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How to Make Palacinke (Crepes)

Updated on December 6, 2012

Flip them up in the air as if you don't care!

Crepes are delicious to eat anytime, and best of all, they cost only pennies! The batter needs to be mixed well to eliminate all lumps, and a little wrist action by way of practice are the basic skills to making a plateful of yummy crepes or palacinke.

I make Dalmatian Palačinke (pal-la-cheen-ka) or crepes for a light dinner. Filled with homemade marmalade (fig, orange, or a fruit - yogurt combination) they are really delicious and a crowd-pleaser!

I personally prefer them with a fruit filling. My kids sometimes ask for them with a chocolate spread ("Euro-cream"). You don't need to put a lot, just a smooth and tiny one-over before you roll 'er up or fold in quarters.

So - Bon apetit, Dobar tek and Enjoy!!!

The recipe

4 eggs, well beaten, 2 T. sugar, 2 T. oil, 1/2 liter milk (half now and half later, being careful to add it in slowly with the flour).

In a separate bowl mix 1 cup of cake flour, 1 cup of regular flour, and 1 tsp. baking powder. Add a tiny bit of salt and mix well together with a fork until it has a very even consistency.

Slowly add the flour to the liquid mixture, alternating with the remaining milk, making sure to eliminate all lumps. A mixer is recommended, but not necessary.

When the batter is completely well blended, add a teaspoon or two of vanilla flavoring, 1 T. Rum, and the rind of about half a lemon. This adds a little contrast to the sweetness, giving extra flavor.

The consistency of the batter should be slightly soupy so you can scoop it up with a soup ladle. I have found this to be the easiest, and best, way to measure the batter going into the fry pan. Once you see to what level of the ladle makes the best palačinka, it's easy to remember for next time. For me it's about 1/4 inch less than a ladle-full.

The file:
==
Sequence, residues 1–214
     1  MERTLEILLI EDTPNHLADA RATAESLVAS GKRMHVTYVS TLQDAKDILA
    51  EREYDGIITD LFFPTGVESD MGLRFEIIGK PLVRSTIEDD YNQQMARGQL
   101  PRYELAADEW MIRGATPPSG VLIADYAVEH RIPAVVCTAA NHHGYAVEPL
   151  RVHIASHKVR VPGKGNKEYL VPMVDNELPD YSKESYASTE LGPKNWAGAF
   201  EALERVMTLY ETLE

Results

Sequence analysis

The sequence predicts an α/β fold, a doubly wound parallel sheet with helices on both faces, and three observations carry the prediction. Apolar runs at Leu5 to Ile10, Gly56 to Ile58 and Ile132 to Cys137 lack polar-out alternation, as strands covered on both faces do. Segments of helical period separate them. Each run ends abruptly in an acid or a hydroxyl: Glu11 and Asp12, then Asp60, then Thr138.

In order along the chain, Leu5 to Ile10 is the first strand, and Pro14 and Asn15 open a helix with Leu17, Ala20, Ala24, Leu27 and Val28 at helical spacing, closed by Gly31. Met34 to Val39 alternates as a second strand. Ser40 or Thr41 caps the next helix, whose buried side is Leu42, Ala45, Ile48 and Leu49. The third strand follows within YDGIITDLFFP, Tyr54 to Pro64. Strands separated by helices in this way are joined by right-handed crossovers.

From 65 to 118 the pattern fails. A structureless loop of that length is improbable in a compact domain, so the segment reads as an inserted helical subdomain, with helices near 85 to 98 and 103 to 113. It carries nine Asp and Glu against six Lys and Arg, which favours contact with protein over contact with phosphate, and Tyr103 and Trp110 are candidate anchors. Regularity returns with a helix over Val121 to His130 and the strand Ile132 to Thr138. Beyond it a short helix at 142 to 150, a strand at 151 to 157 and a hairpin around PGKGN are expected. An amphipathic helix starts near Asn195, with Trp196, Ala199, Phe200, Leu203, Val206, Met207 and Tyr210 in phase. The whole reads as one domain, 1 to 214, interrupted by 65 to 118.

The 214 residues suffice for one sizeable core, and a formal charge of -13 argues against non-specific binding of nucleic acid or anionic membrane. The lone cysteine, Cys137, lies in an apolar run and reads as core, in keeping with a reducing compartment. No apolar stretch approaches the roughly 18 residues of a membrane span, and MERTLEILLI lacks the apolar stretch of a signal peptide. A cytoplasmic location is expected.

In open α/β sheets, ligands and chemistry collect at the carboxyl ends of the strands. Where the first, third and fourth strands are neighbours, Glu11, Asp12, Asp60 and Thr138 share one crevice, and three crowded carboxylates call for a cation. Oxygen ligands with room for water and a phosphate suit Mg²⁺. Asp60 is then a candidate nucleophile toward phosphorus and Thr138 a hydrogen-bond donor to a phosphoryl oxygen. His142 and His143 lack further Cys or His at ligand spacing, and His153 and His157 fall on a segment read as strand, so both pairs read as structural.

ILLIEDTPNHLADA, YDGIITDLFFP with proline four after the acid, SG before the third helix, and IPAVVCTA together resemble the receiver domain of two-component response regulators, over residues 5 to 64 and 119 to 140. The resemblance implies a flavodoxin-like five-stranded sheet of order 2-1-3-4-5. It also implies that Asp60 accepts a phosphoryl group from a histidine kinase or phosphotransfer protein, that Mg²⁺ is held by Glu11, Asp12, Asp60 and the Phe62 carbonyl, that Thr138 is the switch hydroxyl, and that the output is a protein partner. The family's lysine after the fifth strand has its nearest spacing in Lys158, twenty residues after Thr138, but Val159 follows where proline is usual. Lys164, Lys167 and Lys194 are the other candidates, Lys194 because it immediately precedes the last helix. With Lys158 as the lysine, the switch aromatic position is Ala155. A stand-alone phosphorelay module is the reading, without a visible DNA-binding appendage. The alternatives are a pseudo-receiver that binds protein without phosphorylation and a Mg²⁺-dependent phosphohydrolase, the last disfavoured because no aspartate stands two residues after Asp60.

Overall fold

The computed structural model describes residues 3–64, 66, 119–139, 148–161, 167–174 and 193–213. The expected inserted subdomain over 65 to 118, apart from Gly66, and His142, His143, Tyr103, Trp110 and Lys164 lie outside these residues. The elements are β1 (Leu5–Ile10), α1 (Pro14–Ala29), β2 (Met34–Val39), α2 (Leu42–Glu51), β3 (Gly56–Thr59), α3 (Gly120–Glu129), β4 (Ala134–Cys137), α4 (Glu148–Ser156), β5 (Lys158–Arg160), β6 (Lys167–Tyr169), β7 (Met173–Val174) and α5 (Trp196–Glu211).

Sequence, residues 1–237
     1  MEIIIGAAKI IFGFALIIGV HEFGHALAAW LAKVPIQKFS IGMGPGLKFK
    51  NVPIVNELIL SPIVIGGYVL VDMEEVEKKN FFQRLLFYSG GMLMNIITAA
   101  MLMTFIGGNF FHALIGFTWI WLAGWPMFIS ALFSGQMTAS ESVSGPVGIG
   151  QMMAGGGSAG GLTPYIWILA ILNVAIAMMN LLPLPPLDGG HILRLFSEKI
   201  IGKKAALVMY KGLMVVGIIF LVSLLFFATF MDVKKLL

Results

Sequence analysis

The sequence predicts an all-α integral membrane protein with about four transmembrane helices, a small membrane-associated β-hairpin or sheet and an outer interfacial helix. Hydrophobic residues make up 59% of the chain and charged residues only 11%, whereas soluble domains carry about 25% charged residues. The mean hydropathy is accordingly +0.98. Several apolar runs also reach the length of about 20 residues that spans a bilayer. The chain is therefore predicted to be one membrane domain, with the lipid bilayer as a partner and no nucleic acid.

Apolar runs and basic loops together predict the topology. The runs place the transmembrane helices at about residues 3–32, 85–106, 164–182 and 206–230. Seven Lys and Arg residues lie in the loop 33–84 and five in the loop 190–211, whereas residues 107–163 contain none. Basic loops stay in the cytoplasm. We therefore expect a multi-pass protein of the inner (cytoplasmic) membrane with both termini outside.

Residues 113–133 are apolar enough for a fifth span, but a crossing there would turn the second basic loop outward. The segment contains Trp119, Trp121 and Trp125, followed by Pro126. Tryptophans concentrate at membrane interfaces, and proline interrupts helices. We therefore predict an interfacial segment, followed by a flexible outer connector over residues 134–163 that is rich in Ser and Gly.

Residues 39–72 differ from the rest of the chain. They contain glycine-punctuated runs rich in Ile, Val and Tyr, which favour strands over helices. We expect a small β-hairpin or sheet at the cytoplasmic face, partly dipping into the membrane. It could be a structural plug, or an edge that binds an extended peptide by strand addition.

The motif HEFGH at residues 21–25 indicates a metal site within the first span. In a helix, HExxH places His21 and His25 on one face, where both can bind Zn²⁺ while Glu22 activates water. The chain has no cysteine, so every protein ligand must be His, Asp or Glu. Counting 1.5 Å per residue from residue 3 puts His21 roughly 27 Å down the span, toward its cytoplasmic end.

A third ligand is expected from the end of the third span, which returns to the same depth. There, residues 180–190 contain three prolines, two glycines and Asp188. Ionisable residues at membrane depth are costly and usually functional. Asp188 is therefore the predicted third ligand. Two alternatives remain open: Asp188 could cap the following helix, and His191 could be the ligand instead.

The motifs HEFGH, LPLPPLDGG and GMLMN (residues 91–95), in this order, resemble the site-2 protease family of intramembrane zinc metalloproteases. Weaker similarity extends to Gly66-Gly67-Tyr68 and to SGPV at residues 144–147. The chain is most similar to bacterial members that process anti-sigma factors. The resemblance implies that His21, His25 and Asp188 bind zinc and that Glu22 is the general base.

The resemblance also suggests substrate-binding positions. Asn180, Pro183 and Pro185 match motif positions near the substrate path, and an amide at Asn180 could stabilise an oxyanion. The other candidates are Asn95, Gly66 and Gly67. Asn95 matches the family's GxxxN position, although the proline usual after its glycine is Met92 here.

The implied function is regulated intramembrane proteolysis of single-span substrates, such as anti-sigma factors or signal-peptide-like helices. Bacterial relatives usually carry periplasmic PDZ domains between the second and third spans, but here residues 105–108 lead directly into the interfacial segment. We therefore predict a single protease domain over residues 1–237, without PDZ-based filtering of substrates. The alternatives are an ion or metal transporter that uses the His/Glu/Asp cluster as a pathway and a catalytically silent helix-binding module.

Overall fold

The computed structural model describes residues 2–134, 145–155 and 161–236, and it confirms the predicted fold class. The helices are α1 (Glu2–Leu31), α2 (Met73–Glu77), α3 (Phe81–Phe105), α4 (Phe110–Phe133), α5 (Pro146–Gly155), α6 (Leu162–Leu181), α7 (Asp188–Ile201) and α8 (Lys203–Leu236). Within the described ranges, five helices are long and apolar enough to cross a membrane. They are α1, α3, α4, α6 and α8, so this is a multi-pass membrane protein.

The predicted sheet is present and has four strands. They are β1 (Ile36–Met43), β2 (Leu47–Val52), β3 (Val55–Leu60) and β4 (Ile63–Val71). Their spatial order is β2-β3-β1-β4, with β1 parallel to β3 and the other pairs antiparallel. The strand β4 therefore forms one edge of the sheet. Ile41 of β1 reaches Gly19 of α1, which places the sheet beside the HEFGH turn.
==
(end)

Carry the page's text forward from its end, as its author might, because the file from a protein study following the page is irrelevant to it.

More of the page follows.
Demonstrating the Flipping Action

Crepes or Palačinke

A whole stack of palačinke.   My plate never gets this high, they are usually salivating and ready to devour each fresh one that I produce.
A whole stack of palačinke. My plate never gets this high, they are usually salivating and ready to devour each fresh one that I produce. | Source

Preparing the Saucepan

You will need a shallow saucepan, oil and coffee cup, paper towels, clean dry tablespoon, and a large plate to put the palačinke onto.

Pour a little oil into the saucepan. Spread it around evenly and on the sides to prevent sticking. You will do this before frying each and every palačinke. Now, drain the excess oil, drop by drop, into the coffee cup and quickly wipe the side of the skillet, or else you could have an oil fire in your kitchen.

With the stove flame on medium, after a minute or two I always test the pan with a droplet of water. If it sizzles, it's ready to fry. If it's too hot, let it cool down a bit - otherwise you will have a burned crepe (UNPOPULAR!).

The ideal amount of batter to make your ideal palačinka depends on the size and depth of your fry pan, the size of the ladle, and so on. I have found palačinka zen at the 3/4 full level of my personal soup ladle. Don't be shy, just empty it into the saucepan. It should let out a satisfying sizzle and you need to rotate the pan at all angles to spread the batter across the whole pan. Your goal is a full moon effect, evenly covered, not too fat and not too thin. The first palačinka is usually a throw - away (which means the cook gets to eat it) because the batter most likely needs a little adjusting. If you unloaded too much batter into the pan, lessen it and the second one will be better, and maybe even dead-on.

Time to flip!

Ok - do you think you've got it in you?

Tablespoon in hand, lightly loosen the edges of your palačinka so it will be easier to flip. You may try going a little bit deeper - about an inch or two from the circumference but the closer to the center you probe, the more likely of poking a hole through the middle - UH OH! so don't go there.